Can nutrition supplements be helpful for endurance athletes?
Why some people think supplements are a waste
- In general, researchers have a hard time proving that any particular nutrition supplement is of much value for endurance athletes, or for anyone else for that matter. (There are a few exceptions.)
- Even when a particular substance can be shown to be helpful, it’s almost always better to make sure you’re getting enough of that substance as part of your overall whole food intake, not as a separate supplement.
- In addition, In the United States, nutrition supplements are loosely regulated, so a lot of the time you don’t even know what you’re getting.
These are good reasons not to put much faith in nutrition supplements to give you a health or sports-performance boost.
Why I often recommend supplements anyway
Despite these negatives, I often recommend supplements to my patients (athlete or non-athlete) for a number of reasons:
- The trace nutrient content of our food supply has greatly declined over the decades.
- We rely on a shrinking number of plant and animal varieties for the majority of our food intake.
- Many people have a sketchy diet to begin with.
- There are unprecedented stresses (psychological, physical, and chemical) that modern humans are exposed to way beyond any experienced by our evolutionary forebears.
- Individuals vary greatly in their metabolism, overall state of health, digestive tract function, and internal biome, which isn’t always taken into full consideration when making population-wide recommendations about nutrient intake.
- Research on many supplements is still in a preliminary phase. There’s a lot of positively intriguing but not-yet-totally-conclusive research on potential benefits.
In addition to vitamin and mineral supplements, I’m especially likely to recommend herbal medicines. In the United States, herbs are regulated in the same manner as vitamins and minerals. But to my way of thinking, they’re in a different category because they’re made from whole plants.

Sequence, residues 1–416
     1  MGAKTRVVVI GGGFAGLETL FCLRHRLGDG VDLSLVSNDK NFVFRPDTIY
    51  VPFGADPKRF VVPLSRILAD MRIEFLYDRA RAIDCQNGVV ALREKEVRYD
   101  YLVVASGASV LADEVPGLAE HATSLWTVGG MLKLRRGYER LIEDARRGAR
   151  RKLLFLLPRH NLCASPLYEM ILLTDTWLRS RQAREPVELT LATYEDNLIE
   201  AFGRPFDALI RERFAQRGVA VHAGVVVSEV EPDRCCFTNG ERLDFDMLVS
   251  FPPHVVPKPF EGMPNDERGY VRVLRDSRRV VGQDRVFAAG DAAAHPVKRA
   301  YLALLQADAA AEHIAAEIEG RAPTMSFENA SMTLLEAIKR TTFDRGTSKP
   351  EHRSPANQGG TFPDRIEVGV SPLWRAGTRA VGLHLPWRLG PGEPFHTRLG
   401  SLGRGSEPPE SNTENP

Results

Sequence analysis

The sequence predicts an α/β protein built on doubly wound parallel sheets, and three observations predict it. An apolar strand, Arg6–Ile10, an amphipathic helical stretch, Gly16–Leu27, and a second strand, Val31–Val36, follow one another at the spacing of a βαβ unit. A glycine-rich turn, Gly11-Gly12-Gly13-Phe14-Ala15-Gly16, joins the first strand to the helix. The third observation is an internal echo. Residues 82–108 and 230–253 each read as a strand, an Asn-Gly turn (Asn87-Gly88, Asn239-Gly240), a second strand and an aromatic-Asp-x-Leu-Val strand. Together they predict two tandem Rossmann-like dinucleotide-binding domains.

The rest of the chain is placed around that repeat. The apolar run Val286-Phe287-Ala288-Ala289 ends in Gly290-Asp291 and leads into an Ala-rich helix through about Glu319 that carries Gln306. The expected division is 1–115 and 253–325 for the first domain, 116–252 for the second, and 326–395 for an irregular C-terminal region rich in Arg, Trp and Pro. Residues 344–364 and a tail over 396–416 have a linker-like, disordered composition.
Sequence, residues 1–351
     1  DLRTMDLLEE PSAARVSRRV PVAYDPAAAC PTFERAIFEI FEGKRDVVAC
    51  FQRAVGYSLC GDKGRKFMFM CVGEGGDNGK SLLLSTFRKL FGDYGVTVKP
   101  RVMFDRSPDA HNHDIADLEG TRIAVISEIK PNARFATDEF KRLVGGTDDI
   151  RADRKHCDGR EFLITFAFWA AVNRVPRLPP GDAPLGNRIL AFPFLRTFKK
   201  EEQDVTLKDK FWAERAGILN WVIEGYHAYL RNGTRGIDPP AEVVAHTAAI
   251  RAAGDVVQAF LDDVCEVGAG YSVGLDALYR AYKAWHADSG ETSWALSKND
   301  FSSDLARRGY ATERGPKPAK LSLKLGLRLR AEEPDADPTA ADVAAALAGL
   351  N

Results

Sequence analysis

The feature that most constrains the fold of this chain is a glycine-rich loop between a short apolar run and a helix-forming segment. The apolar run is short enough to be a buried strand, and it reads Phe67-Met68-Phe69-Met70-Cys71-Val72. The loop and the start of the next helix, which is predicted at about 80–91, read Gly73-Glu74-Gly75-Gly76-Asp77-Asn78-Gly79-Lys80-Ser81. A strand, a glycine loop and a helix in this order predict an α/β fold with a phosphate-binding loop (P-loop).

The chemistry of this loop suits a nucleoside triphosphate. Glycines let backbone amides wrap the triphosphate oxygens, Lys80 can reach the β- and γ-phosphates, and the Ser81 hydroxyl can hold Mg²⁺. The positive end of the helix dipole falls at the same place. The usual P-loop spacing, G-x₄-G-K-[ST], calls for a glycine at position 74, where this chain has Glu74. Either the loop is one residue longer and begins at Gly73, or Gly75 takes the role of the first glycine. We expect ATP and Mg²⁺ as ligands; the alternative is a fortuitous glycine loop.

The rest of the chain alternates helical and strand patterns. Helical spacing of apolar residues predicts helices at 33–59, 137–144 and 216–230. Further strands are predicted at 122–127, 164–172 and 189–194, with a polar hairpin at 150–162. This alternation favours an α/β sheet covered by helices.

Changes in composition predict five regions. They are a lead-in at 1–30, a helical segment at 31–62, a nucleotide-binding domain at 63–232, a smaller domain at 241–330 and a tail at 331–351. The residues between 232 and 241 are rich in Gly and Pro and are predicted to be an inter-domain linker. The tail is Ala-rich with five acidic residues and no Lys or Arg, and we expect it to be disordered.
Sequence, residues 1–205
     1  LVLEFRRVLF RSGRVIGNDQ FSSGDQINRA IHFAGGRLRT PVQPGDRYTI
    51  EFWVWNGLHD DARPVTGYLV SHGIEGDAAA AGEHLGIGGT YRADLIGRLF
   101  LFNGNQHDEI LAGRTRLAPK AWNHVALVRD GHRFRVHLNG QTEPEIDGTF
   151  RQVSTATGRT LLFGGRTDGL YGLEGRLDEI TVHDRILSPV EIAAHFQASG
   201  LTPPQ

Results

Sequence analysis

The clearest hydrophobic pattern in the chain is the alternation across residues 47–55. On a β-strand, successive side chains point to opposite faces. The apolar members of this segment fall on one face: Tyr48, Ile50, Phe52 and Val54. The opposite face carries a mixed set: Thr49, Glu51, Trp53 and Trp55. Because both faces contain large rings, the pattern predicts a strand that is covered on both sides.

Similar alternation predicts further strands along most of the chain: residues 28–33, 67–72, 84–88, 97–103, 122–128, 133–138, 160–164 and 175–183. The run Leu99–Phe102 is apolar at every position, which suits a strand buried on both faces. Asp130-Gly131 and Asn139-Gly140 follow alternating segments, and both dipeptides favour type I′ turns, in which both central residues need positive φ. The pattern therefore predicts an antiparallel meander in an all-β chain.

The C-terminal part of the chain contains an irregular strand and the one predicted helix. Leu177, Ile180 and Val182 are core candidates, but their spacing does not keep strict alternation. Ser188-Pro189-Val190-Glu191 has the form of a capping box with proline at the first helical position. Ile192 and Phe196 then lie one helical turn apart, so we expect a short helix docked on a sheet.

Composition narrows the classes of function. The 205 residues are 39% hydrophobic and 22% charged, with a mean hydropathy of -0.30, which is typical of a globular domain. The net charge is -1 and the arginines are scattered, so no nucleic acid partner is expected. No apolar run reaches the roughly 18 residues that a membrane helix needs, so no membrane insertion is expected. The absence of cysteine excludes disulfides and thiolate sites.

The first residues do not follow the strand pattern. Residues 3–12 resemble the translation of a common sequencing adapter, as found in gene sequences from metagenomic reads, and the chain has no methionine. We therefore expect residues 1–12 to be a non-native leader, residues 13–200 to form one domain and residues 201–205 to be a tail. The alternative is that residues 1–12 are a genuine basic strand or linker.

Don’t expect an immediate boost in athletic performance from supplements, but….
Here are five of the supplements that I think can be useful to endurance athletes. It’s not an encyclopedic list of all potential performance-enhancing products. But it includes a few possible supplements and herbal medicines that seem to have a plausible scientific rationale for their use.
If you’re interested in trying some of them, let me know. I have a convenient way for you to purchase them through my online nutrition dispensary Wellevate. Or follow this link.
Omega-3 fatty acids (i.e fish oils with EPA and DHA)
Omega-3 fatty acids, found in particular in fish oils, have a known anti-inflammatory effect. Because of that, or perhaps for other reasons, they are thought to have a beneficial effect in delaying muscle soreness and shortening the recovery time in between tough workouts.
Here’s some of the latest data.
Ginkgo is known to increase microcirculation in the muscles. Consequently, it seems plausible that it would help improve muscle endurance.
Here’s some of the latest research.
Running and other endurance activities are stressful. That’s the point, isn’t it? You want to stress your body so that it will build its resilience and be able to handle even more stress in the future.
During and after exercise your adrenal glands are going to respond to stress by spilling extra cortisol into your bloodstream. That’s a good thing. But the downside is that the extra cortisol and other stress responses prolong the recovery time from a tough workout.
That’s where phosphatidylserine comes in. It limits the cortisol response to stress and, presumably, helps you bounce back from a challenging workout quicker. Check out the latest research.
Withania, also known in Ayurvedic medicine as Ashwaganda, is considered an adaptogenic herb, meaning it helps the body adapt to stress. Thus, it should help endurance athletes cope better with the stress of training.
Here’s info about a research study showing its beneficial effect on cardiopulmonary endurance in a group of cyclists.
Branched chain amino acids
To build muscle, and to rebuild muscle after a tough workout, you need to synthesize protein from its amino acid building blocks. So your diet has to contain enough protein to replace the muscle fibers that you’ve broken down from stressful exercise.
But not all amino acid subcomponents are created equal. The “branched-chain” amino acids, especially leucine, play a double role. In addition to being the raw material you need to build protein, they also serve as hormone-like signals that tell your body to build more protein in the first place.
Dairy products contain an enriched level of branched-chain amino acids. But some people can also benefit from a milk-based protein supplement (whey protein), to give their system an extra boost.
Dr. Lavine has been an innovator in the use of movement and touch to promote health since 1981. He practices in New York City and Princeton, NJ.